Western Hemisphere [and] Eastern Hemisphere, produced by John Tallis in London, 1851, offer detailed representations of the two hemispheres, each supplemented with twelve illustrative vignettes. This pair of maps, coming from the zenith of mid-19th-century atlas artistry, demonstrate geographical precision and provide an enlightening visual narrative of the era.
Commissioned for R. Montgomery Martin's Illustrated Atlas, these works bear the unmistakable imprint of Tallis's approach to map-making. Straddling the domains of utility and illustration, his maps offer a balance between the rigors of geography and the addition of visual context, making them valuable both as tools and as records of a bygone era.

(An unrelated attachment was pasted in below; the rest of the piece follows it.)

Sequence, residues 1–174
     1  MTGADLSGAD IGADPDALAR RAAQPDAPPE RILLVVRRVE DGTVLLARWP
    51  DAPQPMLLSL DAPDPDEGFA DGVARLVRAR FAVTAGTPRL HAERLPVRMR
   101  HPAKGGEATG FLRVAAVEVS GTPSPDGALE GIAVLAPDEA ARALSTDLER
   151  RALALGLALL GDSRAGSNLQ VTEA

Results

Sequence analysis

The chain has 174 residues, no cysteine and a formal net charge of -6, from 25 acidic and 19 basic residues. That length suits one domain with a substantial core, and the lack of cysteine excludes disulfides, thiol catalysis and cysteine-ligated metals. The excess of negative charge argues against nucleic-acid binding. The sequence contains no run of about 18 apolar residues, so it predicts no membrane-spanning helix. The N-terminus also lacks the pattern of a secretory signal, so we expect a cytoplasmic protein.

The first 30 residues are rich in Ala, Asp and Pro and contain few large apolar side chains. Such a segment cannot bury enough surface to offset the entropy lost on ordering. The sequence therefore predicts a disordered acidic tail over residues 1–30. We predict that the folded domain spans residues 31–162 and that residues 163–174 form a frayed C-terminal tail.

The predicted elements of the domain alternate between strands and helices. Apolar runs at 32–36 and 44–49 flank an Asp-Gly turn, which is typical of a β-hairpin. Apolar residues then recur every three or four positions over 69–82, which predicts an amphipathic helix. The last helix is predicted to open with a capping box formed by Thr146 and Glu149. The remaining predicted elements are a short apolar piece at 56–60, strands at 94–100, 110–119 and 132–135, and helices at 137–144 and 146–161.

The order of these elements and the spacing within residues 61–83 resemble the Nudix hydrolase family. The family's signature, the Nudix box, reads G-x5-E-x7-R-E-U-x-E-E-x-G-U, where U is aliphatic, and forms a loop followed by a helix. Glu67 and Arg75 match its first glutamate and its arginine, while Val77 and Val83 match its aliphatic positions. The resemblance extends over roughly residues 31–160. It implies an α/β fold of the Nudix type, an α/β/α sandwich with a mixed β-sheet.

John Tallis (1817-1876) was a British map publisher. Born in the Midlands, Tallis came to London in the 1840s. Tallis began his London career with a series of remarkable London street views. He began a partnership with a Frederick Tallis, possibly his brother, but their collaboration ended in 1849. For the Great Exhibition of 1851, Tallis published the Illustrated World Atlas, one of the last series of decorative world maps ever produced. The maps were engraved by John Rapkin, a skilled artisan. The maps were later reissued by the London Printing & Publishing Company, who left the Tallis imprint intact, thus ensuring his enduring fame. In 1858, he began publication of the popular Illustrated News of the World and National Portrait Gallery of Eminent Personages, selling it in 1861 (it ceased publication in 1863).